Sunday, March 10, 2019

Linocut in Progress: More chocolate, STAT!

Ya know, I never used to really care all that much for chocolate. Sure, I like a chocolate chip cookie once in a while, but ginger cookies are better. Ditto ice cream: vanilla (better: ginger) over chocolate every time.

But in my advancing years my relationship with chocolate has become a bit more... um... needy. In the beginning I told myself that dark chocolate was good for me, because... you know, antioxidants. These days, however, chocolate has become the go-to vice when things aren't going quite right in the studio.

And this week I ran out of chocolate.

Part of the rising studio stress level has to do with the fact that I am leaving in three days for Florida, not for vacation, mind you, but to film what I hope will be a solid and complete linocut course. I would REALLY prefer to have this current piece finished before I go, but it's not being particularly cooperative.




For a while (a short while) it seemed as though things were going to move along smartly. After all, the next color pass was going to be quick and easy. (Hint: Don't let the words "quick" and "easy" enter your mind. Ever. They will only disappoint you.)

I wanted to get the brown undertone on the wings and backs of my cadre of chipping sparrows, so I cut some newsprint masks and jumped on in. Except that getting the brown right turned out to be a bigger challenge than I expected. Thank goodness I already had five (count 'em, five) reject prints moved to the front of the queue as testers. In the end I had to roll my eyes at myself, because visually this color looks remarkably like the warmed-up backsides of the fence posts. Could have saved myself a step somewhere along the line. But I didn't. Good thing I had some chocolate.

But okay. It's done, and once I sorted out the color the printing did go quickly.

Reduction linocut in progress, Step 11

It was nice to see the birds starting to look like birds instead of blobs, but then it was time to start beefing up the contrast with some darker values. I mixed up a darker transparent gray and immediately tried to print the next color pass. After all, there's only a little wet ink on the backs of the birds... it should be okay, right?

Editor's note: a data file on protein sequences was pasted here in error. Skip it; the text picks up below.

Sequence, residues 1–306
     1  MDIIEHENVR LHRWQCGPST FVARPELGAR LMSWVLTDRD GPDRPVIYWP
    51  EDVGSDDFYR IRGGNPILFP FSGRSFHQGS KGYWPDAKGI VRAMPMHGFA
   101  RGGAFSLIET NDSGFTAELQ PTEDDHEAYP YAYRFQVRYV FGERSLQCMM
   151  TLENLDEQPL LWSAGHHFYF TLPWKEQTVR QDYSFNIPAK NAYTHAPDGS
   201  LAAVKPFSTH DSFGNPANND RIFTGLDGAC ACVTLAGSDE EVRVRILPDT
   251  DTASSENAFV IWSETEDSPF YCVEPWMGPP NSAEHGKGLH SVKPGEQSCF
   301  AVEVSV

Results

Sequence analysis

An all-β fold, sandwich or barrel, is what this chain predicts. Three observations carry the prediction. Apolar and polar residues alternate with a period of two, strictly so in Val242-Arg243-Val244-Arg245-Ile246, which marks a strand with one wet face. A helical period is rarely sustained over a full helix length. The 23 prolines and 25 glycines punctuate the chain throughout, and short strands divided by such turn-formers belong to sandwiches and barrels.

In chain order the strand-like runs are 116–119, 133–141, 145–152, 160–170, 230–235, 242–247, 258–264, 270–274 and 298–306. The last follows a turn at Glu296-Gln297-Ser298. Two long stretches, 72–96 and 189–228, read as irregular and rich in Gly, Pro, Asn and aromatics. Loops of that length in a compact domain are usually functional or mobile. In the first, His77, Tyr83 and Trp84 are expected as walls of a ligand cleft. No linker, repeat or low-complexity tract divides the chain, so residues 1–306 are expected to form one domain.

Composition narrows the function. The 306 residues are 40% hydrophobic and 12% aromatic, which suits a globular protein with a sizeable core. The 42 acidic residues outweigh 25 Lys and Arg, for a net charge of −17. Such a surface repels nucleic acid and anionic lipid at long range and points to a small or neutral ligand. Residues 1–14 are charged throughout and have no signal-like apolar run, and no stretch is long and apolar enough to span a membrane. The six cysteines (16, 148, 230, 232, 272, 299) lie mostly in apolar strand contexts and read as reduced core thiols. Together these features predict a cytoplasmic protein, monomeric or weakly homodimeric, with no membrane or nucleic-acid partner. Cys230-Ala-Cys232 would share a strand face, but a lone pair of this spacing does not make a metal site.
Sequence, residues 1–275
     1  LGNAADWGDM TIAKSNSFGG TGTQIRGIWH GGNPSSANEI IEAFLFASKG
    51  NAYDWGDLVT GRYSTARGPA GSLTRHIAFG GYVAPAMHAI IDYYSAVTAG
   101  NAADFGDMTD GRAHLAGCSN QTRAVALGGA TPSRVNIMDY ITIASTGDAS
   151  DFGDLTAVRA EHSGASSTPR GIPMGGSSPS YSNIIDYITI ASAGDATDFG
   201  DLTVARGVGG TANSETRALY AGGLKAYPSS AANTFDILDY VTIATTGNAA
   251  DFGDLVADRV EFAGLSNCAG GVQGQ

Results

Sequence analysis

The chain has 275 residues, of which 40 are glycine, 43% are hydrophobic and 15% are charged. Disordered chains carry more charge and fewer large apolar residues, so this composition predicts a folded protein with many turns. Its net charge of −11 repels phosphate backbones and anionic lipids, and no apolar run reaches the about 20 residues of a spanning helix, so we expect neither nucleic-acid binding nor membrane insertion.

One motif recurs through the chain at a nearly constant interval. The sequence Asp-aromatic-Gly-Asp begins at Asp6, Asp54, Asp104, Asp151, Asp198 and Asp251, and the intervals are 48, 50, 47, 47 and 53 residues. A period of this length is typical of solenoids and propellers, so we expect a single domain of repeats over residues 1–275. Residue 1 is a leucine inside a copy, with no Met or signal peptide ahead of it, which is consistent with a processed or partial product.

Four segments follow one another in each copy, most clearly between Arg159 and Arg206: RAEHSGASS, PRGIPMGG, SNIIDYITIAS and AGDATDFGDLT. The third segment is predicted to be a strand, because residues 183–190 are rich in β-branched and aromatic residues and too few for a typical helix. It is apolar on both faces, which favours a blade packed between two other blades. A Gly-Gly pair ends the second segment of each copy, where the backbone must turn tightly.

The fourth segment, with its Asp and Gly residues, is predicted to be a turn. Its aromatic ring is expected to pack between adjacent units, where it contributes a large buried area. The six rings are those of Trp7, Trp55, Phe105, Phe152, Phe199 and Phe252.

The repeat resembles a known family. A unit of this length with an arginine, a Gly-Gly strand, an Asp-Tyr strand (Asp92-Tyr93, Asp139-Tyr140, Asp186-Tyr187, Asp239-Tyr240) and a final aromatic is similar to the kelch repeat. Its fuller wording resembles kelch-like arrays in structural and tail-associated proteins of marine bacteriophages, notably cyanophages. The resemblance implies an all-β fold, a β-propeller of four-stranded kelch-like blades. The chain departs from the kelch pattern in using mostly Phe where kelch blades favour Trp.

Wrong again! That little bit of wet ink rejected the next color pass and made a mess, so nothing to do but clean up and wait. Where's my chocolate?

Thankfully it only took a day for everything to dry enough to carry on. I decided I needed to enliven the fence posts, so I rolled a transparent gray-to-blue blend, top to bottom.

Reduction linocut in progress, Step 12

Okay. Contrast looking good. Color variety okay. In some light that pale green disturbs me, but nothing to be done about it now. (Sometimes it appears grayed-down, as I wanted it, but in some kinds of light it seems alarming.) 

So what now? It seems like it's getting close, but there are still some subtle details to do in the birds, and some more differentiation between the foreground fenceposts and the background. And a little more dark in the upper background. There are some places where I'd like to change the color temperature again, but I am afraid that might be asking too much at this point. Can I do everything I want to do with just one more transparent gray pass? I don't think so. But I might be able to do the gray pass and then some spot inking. Or maybe the other way around. Or maybe I should try to do more with the fence posts. Or maybe... 

(sigh) No clear end in sight, and I'm all out of chocolate. But, oh! Look! There's a box of brownie mix on the shelf....

4 comments:

  1. looking forward to the finished print. Meanwhile enjoy the Florida sun. And, they have plenty of chocolate down there, if needed. Kalika

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    1. Florida chocolate! Why didn't I think of that? ;-) I just finally ran to the store... and you can bet I had dark chocolate in my shopping bag!

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  2. I thought you had started printing with chocolate lol ;)

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